Attend Spring Meetings on Development topics from Apr 17-21. Comment and engage with experts. Calendar of Events


World Bank Voices
Syndicate content

How improving fisheries' governance in West Africa improves fishermen’s livelihoods

Stephen Akester's picture
© Stephen Akester/World Bank
© Stephen Akester/World Bank

I first met Solomon in the early 1980s on Sierra Leone’s Plantain Island, when he volunteered his canoe for a trial program modernizing sails to reduce dependence on petrol for outboard engines. Solomon soon became my friend, and I followed his fortunes and struggles as a fisherman working on Yawri Bay.

Solomon died before he could see the positive outcomes in sustainable fisheries management in West Africa. I especially wish he could have reveled in recent reduction in illegal fishing and large scale industrial trawlers that had taken away his livelihood. Instead, the narrative of his life captures the harsh existence of fishing communities and the added burdens they have had to bear as successive governments failed to manage the once limitless fishing on which they depend. 

He grew up in the Sierra Leone of the 1950s and 60s on Plantain Island. Fish of all kinds were plentiful. The use of engines and larger ring nets transformed the fishery in the 1970s, allowing canoes to find larger stocks of small pelagic fish further out in Yawri Bay and beyond. Fish production increased, and Solomon’s community prospered. By the early 1980s, Plantain Island was a hub for fisheries and Solomon had become captain of his family boat, fishing with relatives and community members.

From dawn till dusk, the fishing day on Yawri Bay was the center of all social and economic activity. Fishers caught enough fish to sell, pay for fuel, feed their family and even enough for women to smoke and trade inland. This pattern of life made Solomon confident that he would be able to provide his children the education he was denied.

The arrival of large industrial trawlers, however, proved to be a silent catastrophe for Plantain Island and much of West Africa. The 1980s was defined by the increasing presence of legal and sometime illegal foreign industrial vessels—some as large as floating factories. These mostly Asian vessels operated offshore but steadily moved further into Yawri Bay in search of the smaller fish and shrimp their markets demanded. On many occasions, there was direct conflict between trawlers and canoes that sometimes ended in loss of life.

Fishermen also started to see the effects of trawling on fish resources. Successive governments allowed trawlers to multiply and the fish catches for Sierra Leone fishers were greatly diminished. Solomon and his fellow fishermen would often find large volumes of dead rotting fish thrown away by foreign trawlers, floating on the surface, fish that could have been processed for inland markets.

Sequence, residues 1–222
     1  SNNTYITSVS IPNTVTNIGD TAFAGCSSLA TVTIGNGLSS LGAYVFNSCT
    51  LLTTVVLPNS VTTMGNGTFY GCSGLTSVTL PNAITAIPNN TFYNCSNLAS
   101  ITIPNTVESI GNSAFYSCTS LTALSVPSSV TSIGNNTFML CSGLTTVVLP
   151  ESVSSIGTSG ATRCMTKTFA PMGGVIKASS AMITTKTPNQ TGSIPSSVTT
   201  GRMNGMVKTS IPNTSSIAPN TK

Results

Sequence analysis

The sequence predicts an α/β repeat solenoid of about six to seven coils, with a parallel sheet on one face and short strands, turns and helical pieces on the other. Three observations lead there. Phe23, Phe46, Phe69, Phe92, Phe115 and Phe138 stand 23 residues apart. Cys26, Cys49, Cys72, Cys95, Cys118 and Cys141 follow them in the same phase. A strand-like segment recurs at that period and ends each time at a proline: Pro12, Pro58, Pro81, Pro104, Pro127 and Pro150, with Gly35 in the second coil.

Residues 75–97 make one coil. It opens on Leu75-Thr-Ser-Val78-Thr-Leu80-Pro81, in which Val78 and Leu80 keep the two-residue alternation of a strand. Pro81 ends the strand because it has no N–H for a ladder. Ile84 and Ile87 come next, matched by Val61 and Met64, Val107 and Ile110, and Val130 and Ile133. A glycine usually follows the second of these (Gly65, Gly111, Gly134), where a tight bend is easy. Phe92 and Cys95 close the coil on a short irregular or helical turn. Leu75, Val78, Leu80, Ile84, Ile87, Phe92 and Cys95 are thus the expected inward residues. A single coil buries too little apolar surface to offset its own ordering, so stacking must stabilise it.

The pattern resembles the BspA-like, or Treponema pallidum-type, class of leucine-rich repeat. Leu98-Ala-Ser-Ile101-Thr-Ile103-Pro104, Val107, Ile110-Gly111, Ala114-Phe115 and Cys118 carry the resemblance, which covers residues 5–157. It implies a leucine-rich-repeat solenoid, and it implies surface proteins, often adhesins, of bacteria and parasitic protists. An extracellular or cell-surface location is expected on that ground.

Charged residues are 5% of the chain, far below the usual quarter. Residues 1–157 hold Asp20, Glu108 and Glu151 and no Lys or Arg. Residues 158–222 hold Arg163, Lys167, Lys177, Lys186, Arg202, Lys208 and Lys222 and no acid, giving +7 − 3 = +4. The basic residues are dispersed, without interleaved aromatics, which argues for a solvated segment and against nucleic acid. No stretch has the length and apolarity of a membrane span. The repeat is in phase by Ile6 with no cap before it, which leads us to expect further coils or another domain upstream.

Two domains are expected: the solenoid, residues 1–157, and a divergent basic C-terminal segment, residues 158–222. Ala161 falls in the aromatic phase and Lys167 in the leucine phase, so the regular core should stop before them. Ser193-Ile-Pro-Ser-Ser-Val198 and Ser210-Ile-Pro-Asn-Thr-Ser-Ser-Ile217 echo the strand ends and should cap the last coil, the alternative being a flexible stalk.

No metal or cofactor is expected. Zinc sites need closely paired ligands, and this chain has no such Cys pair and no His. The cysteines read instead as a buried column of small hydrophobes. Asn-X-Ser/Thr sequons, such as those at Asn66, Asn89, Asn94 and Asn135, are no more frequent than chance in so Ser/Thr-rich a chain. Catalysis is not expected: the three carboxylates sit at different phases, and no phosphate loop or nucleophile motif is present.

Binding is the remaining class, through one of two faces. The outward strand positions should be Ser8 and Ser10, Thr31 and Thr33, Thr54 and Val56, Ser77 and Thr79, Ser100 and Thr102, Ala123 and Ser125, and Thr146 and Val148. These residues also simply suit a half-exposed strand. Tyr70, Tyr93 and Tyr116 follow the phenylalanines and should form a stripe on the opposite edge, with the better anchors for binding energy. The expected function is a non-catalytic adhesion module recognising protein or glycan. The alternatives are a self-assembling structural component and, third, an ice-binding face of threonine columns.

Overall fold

The national fishery was in decline by the 1990s, a period marked by the strife and turmoil of civil war, leaving all sectors without governance. Trawlers had returned in bigger numbers, fishing right up to the coast. With the loss of transport links, fishermen lost access to markets, spare parts and fuel. 
 

Solomon’s children were proud of his work and the positive changes in Sierra Leone’s artisanal fisheries. © Solomon Kamara’s family archive.
Solomon’s children were proud of his work and the positive changes in Sierra Leone’s artisanal fisheries. © Solomon Kamara’s family archive.

Solomon’s life had not worked out as he had once hoped. By 2008, his surviving sons were working with him, having lost their larger canoe and using only a small paddle canoe catching only enough for family consumption. I met him again as part of a fact-finding exercise for the WARF program.

Only 58, he appeared so much older. The meeting was a sad affair as Solomon had little strength. But his story and his community’s plea couldn’t have been clearer: If industrial trawling could not be stopped, there would be no future for the fishermen of Yawri Bay. That same year, Solomon passed away, but his journey and the messages he gave us became the central objective of the West African Regional Fisheries Program (WARF-P). Since 2009, the program has been investing in sustainable fisheries management, community resilience and improved livelihoods for coastal communities.

If Solomon lived today, he would see the foreign trawlers better managed with the establishment of the 6-mile inshore exclusion zone for community fishermen and the increase in artisanal fisheries. By mid-2010, he would have seen the increase fish stocks and by 2014, more revenue for his community with support from WARF-P and partners. Solomon would surely have been an active member of the now established community management association for Plantain Island. Strengthening fisheries management for the development of a truly national industry is why the WARF program continues its commitment.
 
Today, the team of World Bank-funded West Africa Regional Fisheries Program (WARF-P) and I would like to pay tribute to Solomon Kamara, his family and peers, who are emblematic of the interconnections among fishing, livelihoods, food security, and communities in Sierra Leone. In recent years, we have delivered on our promises to Solomon to curb the invasive industrial trawlers. And we have still much more to do for the current and future generations.

Add new comment

Plain text

  • Allowed HTML tags: <br> <p>
  • Lines and paragraphs break automatically.